Bitcoin jumped to a nearly five-month high above $55,000 on Wednesday, extending its rally from the previous day as institutions jumped in to try to catch the wave.
The cryptocurrency traded 7.6% higher at $54,873.02, according to Coin Metrics. Ether also rose 2.8% to $3,575.73.
Bitcoin rose as high as $55,499 earlier in the session. It's up 13% this week alone and 87% for the year.
The rally comes amid a series of small developments in Washington, D.C. that have provided some comfort to institutional investors keen to jump into cryptocurrencies.
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"Regulatory uncertainty is what's still keeping investors out of the market and every time we get a step closer to regulatory clarity, you see this kind of reaction," Bitwise Asset Management chief investment officer Matt Hougan said. "It's the primary driver of next great bull market in crypto."
According to financial advisors surveyed by Bitwise, the number one thing preventing them from making allocations to crypto is regulatory uncertainty. Hougan said the majority result has been the same three years in a row.
On Tuesday, Securities and Exchange Commission Chairman Gary Gensler said in a hearing of the House Financial Services Committee that he has no plans to ban cryptocurrency, and that a ban would be up to Congress.
Gensler's comments mirror those made by Federal Reserve Chairman Jerome Powell, who also said Friday he has no plans to ban cryptocurrencies.
"You had every major regulatory agency in the U.S. this summer declaring that they needed to create a new regulatory regime around crypto," Hougan added. "That created a great deal of uncertainty in investors minds, they were hesitant to allocate not knowing what the range of possibilities would be. The reason we're rallying this week is that most extreme left tail of following the path of China was wiped from the market by both Jerome Powell and Gary Gensler."
Genesis head of market insights Noelle Acheson said Wednesday's price action is different from previous ones this year and that all signs point to it being institutionally driven.
"Institutional investors move as a herd, they are momentum chasers," she said. "When they see this kind of momentum, they start to think, what am I going to miss? Is my performance going to be weaker than those of my competitors? Maybe I should pile into that."
She noted that Bitcoin has maintained its rank in the top five performing digital assets over the past 24 hours. That's something Acheson had never ever seen before, as top performers are usually smaller altcoins and DeFi assets. Bitcoin is the institutional onramp to crypto, and when it's one of the top performers, it's a sign the institutions are coming, Acheson said.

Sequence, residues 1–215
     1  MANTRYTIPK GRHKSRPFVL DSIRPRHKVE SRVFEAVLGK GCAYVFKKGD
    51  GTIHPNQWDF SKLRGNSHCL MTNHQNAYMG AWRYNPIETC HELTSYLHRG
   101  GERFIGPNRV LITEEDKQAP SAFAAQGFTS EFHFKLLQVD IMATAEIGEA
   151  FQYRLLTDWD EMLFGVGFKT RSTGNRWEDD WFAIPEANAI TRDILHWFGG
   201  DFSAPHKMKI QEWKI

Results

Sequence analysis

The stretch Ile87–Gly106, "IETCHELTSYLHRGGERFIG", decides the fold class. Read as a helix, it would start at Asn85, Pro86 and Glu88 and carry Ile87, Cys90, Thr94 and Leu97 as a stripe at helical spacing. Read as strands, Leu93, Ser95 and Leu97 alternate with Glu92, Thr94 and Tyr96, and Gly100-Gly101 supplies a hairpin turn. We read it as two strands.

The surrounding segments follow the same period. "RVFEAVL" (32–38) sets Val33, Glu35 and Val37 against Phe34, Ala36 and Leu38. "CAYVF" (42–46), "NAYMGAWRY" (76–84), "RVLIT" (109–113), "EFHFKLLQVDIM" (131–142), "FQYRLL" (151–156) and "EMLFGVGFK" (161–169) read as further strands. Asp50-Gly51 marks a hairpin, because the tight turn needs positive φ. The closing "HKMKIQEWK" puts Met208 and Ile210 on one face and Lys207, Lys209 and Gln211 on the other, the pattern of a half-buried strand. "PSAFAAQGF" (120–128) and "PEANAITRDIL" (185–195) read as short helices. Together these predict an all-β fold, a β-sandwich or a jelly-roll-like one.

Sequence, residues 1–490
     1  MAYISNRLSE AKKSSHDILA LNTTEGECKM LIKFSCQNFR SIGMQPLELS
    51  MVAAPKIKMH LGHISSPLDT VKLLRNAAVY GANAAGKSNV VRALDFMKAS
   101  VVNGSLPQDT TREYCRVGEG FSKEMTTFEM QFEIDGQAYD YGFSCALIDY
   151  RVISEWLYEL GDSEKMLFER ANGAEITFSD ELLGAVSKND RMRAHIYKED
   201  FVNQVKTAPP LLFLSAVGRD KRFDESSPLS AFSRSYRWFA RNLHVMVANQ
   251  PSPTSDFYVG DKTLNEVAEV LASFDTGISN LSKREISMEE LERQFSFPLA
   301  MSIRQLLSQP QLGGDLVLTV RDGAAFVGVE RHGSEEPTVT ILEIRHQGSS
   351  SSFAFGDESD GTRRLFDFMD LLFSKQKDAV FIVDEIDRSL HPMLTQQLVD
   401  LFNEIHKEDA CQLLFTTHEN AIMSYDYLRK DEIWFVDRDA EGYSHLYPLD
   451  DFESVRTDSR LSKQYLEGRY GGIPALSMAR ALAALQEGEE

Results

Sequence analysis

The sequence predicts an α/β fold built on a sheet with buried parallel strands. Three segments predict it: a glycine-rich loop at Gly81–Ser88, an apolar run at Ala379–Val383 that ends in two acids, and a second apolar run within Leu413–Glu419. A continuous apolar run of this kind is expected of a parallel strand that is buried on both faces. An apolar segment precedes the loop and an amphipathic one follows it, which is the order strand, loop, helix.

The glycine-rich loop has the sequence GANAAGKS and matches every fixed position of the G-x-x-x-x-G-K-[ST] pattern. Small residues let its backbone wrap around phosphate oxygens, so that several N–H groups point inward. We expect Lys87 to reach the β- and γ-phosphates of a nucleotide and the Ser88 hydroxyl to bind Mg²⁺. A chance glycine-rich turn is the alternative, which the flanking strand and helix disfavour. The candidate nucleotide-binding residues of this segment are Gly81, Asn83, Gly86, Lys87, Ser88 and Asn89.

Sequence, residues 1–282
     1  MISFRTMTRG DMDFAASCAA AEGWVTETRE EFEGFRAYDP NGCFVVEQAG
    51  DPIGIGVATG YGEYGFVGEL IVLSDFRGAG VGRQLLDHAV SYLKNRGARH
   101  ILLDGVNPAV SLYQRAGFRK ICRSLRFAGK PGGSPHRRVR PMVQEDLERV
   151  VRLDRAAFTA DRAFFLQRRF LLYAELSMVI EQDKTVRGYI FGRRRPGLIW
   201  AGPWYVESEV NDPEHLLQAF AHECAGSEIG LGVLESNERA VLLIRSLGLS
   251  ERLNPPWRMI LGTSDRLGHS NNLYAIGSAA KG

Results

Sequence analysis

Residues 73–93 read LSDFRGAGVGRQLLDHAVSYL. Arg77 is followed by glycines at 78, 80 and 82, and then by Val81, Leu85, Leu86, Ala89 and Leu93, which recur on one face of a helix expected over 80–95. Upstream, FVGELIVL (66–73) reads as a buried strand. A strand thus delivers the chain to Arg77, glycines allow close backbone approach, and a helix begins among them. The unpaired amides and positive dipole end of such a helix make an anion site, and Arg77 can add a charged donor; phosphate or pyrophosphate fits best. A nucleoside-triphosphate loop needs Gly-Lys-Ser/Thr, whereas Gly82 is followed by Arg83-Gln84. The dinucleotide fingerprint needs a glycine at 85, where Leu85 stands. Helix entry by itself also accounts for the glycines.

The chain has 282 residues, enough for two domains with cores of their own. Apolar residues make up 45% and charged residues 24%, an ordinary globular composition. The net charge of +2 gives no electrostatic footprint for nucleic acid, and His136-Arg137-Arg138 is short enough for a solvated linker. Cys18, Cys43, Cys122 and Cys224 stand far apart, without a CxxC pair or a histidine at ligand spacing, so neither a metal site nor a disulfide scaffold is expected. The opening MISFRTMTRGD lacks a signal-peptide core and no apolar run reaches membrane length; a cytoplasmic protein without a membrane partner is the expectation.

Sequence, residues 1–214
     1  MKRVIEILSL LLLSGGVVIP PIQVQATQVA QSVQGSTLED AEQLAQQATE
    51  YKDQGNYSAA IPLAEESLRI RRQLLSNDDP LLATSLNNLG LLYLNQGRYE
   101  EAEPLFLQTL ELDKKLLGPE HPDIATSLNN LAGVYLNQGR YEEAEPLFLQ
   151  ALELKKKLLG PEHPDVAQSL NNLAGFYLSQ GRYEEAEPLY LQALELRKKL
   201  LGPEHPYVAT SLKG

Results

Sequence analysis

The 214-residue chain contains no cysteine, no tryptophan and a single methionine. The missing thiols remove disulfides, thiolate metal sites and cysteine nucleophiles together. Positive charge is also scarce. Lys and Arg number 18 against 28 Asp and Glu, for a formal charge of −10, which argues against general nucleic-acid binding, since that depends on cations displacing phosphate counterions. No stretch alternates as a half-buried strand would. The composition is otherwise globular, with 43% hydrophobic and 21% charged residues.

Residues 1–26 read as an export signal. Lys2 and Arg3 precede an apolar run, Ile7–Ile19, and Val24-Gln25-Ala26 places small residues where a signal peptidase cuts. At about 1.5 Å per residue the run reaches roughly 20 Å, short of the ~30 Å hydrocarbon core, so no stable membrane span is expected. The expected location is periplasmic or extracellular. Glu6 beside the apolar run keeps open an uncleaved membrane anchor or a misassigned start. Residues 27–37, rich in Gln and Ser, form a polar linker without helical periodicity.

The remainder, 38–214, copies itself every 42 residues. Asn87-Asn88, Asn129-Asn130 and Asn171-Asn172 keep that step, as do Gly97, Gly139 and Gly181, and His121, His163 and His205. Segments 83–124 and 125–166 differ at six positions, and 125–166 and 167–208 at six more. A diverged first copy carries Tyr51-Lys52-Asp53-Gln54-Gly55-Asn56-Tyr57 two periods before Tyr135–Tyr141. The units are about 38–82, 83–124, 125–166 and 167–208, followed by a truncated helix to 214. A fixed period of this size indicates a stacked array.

She added that with a sharp price jump, there tend to be several short positions that get liquidated, but that wasn't the case Wednesday.
"At one stage that price jumped 3.5% in a five-minute window, and without the liquidations, that says that that is big spot buying," Acheson said.
Another big signal came from the CME.
On Wednesday, it had the highest basis spread — the difference between bitcoin futures prices and the spot price — of any of the exchanges, Acheson said. She called it "unusual" because the CME basis normally trails that of the other exchanges. She added that CME is the exchange that offers the lowest leverage, so while it may not be the one used by traders or hedge funds that want leverage, it's the one traditional institutions often choose to use because it's currently the only crypto derivatives exchange with federal oversight.
The macro backdrop
At the same time, stocks were falling as concerns about rising rates, higher inflation, the state of the reopening and the debt limit dented investor sentiment. Bitcoin hasn't proven itself to be a safe-haven asset — its price has tanked with the stock market several times before — but many still see it that way and it was holding up amid Wednesday's equity market turmoil.
"The Janet Yellen discussion yesterday was a major reason to buy bitcoin," CNBC's Jim Cramer said Wednesday morning on "Squawk on the Street." "If you parse what she's saying and it becomes true, the dollar doesn't seem to be as valuable as crypto."
Yellen warned on Tuesday that inflationary pressures hitting the U.S. economy could last for several months and that the U.S. should fully expect a recession if the debt limit isn't lifted within two weeks.
"Thus far we've seen cryptos behave as a hybrid somewhere between a commodity and a currency," Morgan Stanley Wealth Management chief investment officer Lisa Shalett told "Squawk on the Street." So the "volatility has been 4x that of stocks."